Shakespeare’s heroes are human figures, not gods or sons of gods, or gifted by gods.

Their only superpower is their will power, ambition, jealousies etc. Just a hint.

2) Look at Reformation – for understanding the growing positive sense of the human intellect and of human capability

3) Language/failure of language/pressure on language to contain vast emotions about society, [although sonnets not mentioned here, neither by Shakespeare not by others but it’s a good idea to look at them and know why suddenly, contrary to epic-length studies of the previous centuries, authors suddenly turned towards a mere 14-line poem.

4) Elizabeth’s reign – its problems, wars, rivalry with Scotland, absence of an heir, a growing, old, ageing queen with no heir, a sense of fear, apprehensions looming large on nation’s fate, the drifting apart of Catholics and Protestants,

Parliament beginning to display its independence which was very new to the English court [especially, if you Know Spenser’s court poetry where knights subsumes all their devotion to the kings and queens, kings and queens were supposed to be chosen by God to rule over people, Shakespeare shows how human agency resigned to accept that willingly, or at least uncomfortable with this passivity.], and population growing to an unprecedented level.

5) human love creating discord in society, an attempt to maintain, keep stable the social order, but in comedies like The Tempest, this social order gets restored. And that is why they are comedies.

In Shakespeare’s tragedies, on the contrary, even when the plays end, one is left with the idea that there is a gap by author’s forceful ending of the play by closing the action by positive/negative ends, and the complex human feelings and hideous desires of ambition, jealousy, hatred etc that motivate people in the first place.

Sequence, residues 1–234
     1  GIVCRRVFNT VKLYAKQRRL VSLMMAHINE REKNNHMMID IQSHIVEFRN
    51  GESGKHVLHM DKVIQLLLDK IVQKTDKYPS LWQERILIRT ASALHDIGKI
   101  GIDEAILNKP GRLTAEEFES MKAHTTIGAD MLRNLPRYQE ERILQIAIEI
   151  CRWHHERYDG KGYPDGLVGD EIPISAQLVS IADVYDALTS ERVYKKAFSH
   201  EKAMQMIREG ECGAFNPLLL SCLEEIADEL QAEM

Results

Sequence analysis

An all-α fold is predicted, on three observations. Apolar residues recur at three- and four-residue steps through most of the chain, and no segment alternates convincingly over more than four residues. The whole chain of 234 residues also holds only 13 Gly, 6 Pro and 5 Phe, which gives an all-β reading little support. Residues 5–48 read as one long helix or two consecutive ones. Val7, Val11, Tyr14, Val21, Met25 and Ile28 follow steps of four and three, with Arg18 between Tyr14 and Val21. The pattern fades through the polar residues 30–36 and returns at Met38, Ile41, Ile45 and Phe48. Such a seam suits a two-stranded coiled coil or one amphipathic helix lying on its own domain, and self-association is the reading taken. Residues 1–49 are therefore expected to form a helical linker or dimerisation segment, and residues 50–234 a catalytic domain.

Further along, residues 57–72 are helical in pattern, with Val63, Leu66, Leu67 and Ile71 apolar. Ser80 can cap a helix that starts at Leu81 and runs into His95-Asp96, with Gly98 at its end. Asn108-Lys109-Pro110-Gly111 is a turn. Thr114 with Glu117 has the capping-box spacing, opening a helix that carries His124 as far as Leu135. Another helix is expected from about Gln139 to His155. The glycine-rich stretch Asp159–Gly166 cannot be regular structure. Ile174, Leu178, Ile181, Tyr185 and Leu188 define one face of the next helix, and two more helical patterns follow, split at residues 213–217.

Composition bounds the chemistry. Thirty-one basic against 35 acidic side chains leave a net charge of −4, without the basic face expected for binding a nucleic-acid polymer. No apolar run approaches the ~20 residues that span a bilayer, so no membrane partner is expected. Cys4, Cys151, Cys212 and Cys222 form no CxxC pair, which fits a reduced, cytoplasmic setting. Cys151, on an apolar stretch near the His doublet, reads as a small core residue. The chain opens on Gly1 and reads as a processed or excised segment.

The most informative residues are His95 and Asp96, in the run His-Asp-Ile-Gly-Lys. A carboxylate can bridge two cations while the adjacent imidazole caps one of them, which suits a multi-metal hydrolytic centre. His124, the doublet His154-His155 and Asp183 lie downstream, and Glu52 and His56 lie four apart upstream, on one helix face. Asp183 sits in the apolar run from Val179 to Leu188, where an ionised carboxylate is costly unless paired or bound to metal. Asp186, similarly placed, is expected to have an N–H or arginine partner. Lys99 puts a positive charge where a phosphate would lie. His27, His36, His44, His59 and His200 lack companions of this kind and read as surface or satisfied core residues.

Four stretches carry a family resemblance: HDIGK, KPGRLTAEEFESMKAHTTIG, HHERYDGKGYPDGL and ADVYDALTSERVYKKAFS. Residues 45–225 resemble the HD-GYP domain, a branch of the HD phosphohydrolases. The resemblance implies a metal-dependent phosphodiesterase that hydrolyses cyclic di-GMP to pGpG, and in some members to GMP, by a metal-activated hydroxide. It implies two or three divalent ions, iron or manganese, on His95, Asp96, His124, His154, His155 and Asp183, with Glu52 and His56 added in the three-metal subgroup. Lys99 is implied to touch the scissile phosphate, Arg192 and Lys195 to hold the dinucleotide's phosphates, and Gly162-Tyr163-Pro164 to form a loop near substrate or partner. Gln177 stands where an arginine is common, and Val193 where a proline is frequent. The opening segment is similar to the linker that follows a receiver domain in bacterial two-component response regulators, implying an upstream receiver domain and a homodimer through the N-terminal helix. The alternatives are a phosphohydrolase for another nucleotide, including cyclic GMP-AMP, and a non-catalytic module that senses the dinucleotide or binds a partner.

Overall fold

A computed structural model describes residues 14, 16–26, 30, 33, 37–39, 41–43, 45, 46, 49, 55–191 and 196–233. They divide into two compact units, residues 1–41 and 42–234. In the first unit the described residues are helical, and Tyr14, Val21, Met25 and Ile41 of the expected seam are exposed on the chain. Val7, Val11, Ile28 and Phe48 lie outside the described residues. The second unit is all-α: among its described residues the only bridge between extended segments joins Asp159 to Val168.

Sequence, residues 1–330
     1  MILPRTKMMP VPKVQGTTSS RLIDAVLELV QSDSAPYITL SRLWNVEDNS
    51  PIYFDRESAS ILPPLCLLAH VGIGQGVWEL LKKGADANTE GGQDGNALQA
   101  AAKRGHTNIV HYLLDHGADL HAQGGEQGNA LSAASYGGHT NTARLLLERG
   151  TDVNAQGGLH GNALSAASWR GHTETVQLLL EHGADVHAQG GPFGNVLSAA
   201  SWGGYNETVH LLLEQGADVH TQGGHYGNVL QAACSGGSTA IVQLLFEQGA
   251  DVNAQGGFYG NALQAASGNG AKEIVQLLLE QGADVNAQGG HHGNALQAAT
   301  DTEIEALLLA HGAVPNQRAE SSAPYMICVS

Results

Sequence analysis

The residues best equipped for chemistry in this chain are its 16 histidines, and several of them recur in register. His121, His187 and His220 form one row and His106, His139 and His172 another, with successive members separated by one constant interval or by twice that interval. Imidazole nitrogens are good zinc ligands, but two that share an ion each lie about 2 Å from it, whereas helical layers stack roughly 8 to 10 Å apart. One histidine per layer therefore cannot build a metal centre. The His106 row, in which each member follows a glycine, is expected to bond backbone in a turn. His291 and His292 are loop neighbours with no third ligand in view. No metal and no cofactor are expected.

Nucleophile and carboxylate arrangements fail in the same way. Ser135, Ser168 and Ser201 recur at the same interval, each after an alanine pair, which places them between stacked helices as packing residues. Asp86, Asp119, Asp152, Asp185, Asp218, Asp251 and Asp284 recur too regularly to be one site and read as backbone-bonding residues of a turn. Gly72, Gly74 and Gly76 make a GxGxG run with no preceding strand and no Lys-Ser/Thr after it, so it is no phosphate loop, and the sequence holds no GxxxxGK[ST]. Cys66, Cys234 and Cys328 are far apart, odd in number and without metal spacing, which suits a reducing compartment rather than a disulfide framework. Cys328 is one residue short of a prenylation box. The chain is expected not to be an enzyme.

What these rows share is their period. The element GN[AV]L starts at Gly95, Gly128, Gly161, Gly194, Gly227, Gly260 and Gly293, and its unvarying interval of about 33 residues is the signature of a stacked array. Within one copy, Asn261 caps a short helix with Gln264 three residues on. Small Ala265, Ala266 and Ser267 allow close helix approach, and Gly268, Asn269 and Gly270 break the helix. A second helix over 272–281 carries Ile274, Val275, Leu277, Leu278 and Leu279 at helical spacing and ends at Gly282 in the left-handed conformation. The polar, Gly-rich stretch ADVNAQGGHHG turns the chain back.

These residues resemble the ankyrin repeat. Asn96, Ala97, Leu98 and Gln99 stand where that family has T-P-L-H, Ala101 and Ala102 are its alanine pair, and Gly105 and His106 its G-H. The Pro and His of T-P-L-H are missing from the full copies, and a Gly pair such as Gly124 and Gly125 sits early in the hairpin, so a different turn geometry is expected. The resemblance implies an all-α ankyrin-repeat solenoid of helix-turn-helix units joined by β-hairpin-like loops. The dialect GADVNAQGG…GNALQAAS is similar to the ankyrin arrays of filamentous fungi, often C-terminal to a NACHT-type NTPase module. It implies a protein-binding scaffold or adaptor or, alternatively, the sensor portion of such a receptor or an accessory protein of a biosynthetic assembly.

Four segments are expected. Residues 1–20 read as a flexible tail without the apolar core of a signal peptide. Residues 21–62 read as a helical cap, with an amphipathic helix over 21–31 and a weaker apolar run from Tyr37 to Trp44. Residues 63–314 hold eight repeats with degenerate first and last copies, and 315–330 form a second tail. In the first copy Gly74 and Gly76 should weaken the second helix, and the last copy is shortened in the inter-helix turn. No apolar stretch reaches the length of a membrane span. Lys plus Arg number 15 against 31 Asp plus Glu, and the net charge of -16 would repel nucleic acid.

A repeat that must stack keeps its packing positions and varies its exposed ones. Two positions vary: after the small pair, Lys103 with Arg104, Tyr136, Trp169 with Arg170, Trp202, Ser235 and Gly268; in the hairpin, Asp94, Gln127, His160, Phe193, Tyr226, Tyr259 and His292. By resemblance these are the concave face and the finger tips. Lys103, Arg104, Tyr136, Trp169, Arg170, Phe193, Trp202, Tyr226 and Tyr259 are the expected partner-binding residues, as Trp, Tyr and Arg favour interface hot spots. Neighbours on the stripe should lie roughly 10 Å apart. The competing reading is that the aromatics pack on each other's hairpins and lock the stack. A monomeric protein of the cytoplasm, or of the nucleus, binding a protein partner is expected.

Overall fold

One is alarmed at the human capacity to be a “bad” person. But if you look at Hamlet kind of plays, they make you realize that this pressure to decide, to act, to take revenge etc is something human beings cannot escape.

One is meddled with this constant pressure to decide – something which was not there in the previous century plays where people knew that God will bring peace to everything.

In Shakespeare’s tragedies, there is no respite from Gods. So, it’s like human beings are left to themselves, with no assurance, no help, no recourse to god’s comforts etc. Just imagine, how helpless one would feel in that sort of world.

Shakespeare, that is why, is called one of the earliest modernists.

6) Questions about leadership, frailty of order to control a vast population/kingdom, challenges to leadership,

7) The role of women – Look at different types of women in Shakespeare’s comedies as well as Tragedies – they are hardly puppets.

They are capable of having ambitions much like their men counterparts, or sometimes even more.

Call it sexist, call it feminists, women of Shakespeare’s plays can play men like anything: with their beauties, with their disguised games, with their “overflowing” femininity, or, for that matter.

Although these women show conventional hierarchies of white women/black women, courtly lady women/commoner women, “good women like Ophelia in Hamlet who are just too good/ bad women like lady Macbeth, but the very diverse range of women we encounter in Shakespeare’s plays is amazing. Something we don’t see in previous plays. Also remember- in Shakespeare’s time, boys were playing women’s role, so look at that angle as well how women were not supposed to do certain things in public.

So the entire public/private, political/domestic debate, Shakespeare complicates them. He brings the interiority of domestic issues interlaced with political issues such brilliantly. Personal is indeed political.

8) Apart from that psychological development of characters. I guess is a very important angle to look at. Characters are hard to know from their inside.

They are hardly flat or two-dimensional. So, Shakespeare’s character making is a good point to explore.